Help finding right MOSFET

I'm hoping someone on here might be able to help, I'm currently using this MOSFET

for PWM'ing 12V LEDs in a project.

I'm curious about stepping up to being able to use 24V LEDs as well as 12V and was hoping someone might have a part number on hand for a small MOSFET (ideally in a SOT23 casing) that can handle a max voltage above the 24V, and has suitable properties for running via PWM.

Thanks :slight_smile:

Looks like you’ll have to move to a bigger package. If you need more than one
be aware there are dual MOSFETs in SOIC8 package like: http://canada.newark.com/vishay-siliconix/si4910dy-t1-ge3/dual-n-channel-mosfet-40v-6a/dp/26R1895

I may have to abandon the notion for the short term, there is not a large amount of space currently on the board. If I find a suitable MOSFET I'll have to move some things around I think.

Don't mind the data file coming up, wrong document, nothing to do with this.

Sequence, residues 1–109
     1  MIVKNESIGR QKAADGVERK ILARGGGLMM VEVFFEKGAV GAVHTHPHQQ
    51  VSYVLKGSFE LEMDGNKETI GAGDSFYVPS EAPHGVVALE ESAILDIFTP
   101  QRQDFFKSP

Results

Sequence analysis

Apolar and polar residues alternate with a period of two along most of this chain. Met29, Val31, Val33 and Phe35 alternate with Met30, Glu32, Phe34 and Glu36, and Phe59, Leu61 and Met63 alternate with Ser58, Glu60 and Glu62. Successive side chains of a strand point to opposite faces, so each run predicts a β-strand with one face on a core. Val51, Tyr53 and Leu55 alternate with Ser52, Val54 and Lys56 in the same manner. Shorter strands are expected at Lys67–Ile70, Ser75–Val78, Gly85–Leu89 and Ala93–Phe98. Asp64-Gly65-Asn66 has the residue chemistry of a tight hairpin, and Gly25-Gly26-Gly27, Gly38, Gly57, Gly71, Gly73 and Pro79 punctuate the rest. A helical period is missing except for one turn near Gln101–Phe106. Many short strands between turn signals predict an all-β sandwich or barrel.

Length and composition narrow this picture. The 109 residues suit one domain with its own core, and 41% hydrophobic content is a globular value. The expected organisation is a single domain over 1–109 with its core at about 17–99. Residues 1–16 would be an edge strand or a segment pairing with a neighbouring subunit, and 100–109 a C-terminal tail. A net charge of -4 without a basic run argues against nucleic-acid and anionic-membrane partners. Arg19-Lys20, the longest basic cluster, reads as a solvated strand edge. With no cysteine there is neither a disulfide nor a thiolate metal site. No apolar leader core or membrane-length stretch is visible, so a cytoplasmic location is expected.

What I'm not fully understanding about n-channel MOSFETs is the effect of the On Resistance on performance. Currently PWM signal is coming from an ATMEGA328P at what I believe is 500Hz, and 8 bit, and a 5v control voltage. When I look for MOSFETs to handle 30v I seem to have a hard time finding ones with On Resistance in the same ballpark as the one I am currently using in my projects. Would someone be able to explain basically what my trade-offs are in regard to the On Resistance. My understanding was lower resistance less energy wasted when the MOSFET was conducting, but am I also trading switch speed at the same time?

Thanks for the help.

On power loss = I-squared-R, so lower R means lower dissipation. Double the current
and you ideally want 1/4 R.

Higher voltage FETs have more capacitance for a given Ron, or put another way
higher Ron for a given capacitance - this is really just the geometry of the channel
manifesting itself - higher voltage = longer channel = more resistance. You can
make the channel wider to reduce resistance, but that increases gate capacitance too.

(Its actually rather more complex, power MOSFETs have vertical current flow)

Is this in the right direction?

I dunno.

That looks like a good choice.
You're not actually running 30V thru it, yes? Some lesser amount, like 24 max?